• Contract – This in many ways is similar to outsourcing. One big difference is that people who fill these rolls, though not officially on staff, feel much more like part of your team than outsourced help does – even though the people who fill these rolls are most commonly from outside your church. This too has been practiced for some time, but only in the last few years has this idea found its way into ministry staff.  Worship leaders are a good example. They are on contract for week by week work, and the contract is written for any agreed upon length of time. The worship leader usually does a rehearsal and the weekend worship services. That’s it, and the church moves forward.
  • Temporary – This is another alternative route that I have found to be extremely helpful. There are seasons in your church when the press is really on. You’re in an intense ministry season and you need help. The temptation is to hire someone part time or even full time with the assumption that the level of intensity will continue. It rarely does.  Try hiring on a very temporary basis.  The person who fills this role is more often than not from inside your church.  Write an employment contract that stipulates a start and end date.  The end date is important, stick to it. And trust me on this one, if you hired the person for temp work, nine times out of ten they should not be hired later for full time work.
  •  Re-Direct – In the ‘90’s they called this downsizing, now we’ve learned how this is part of smart leadership. You have staff members who are learning, growing and getting better. They want to accomplish more, so give them a shot at it. I’ll bet that your best young staff are eager to jump in and carry a greater load.  Give them an opportunity to re-direct some of their energies and multiply their gifts by tackling another ministry area. In a large church this can be about expanding a ministry within a team.  In a smaller or mid-sized church it can be more about filling an open staff need.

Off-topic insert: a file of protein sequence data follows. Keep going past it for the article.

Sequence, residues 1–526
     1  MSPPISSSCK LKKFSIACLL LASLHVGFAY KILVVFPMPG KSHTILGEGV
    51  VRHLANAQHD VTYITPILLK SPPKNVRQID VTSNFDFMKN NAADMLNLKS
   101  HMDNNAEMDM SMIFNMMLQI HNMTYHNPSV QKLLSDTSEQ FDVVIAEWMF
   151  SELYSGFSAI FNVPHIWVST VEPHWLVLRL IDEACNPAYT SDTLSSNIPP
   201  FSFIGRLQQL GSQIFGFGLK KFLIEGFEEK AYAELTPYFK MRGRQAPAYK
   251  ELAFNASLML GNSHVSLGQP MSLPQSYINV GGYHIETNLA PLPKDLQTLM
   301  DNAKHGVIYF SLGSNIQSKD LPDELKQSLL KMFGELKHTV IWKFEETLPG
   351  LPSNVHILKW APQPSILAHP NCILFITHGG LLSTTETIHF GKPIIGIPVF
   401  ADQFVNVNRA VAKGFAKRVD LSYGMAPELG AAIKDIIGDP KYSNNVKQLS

• Lead Volunteer – This is a cool deal. Bob Buford starting writing about this kind of person years ago, but the idea is still slow to catch on in the staffing element. Bob wrote about men and women making a difference starting at the “Half Time” season of their lives. People who want to make major career changes from secular business to ministry and many of whom don’t need any financial support.  This person is fully on your team, gets a cubicle, a laptop and comes to staff meetings, but receives no paycheck.  In a smaller or midsized church it only takes one person like this to radically impact your staff and ministries in a positive way.
  • Growth only – Put a moratorium on hiring any positions that are not directly related to the growth engines of your church. Get tough and say no to all strictly administrative staff hires.  Invest your limited financial resources only into those positions that you are absolutely confident will result in the measurable growth of your church.

As I have said, these are not new ideas.  However, if you are not leveraging any of them, particularly in this economy, I would urge you to at least have the conversation.  Think about the options and possibilities. Challenge your own thinking and systems. In the end, I trust you will do what is best for your church.  And this list may lead you to other creative options to help meet your staffing needs.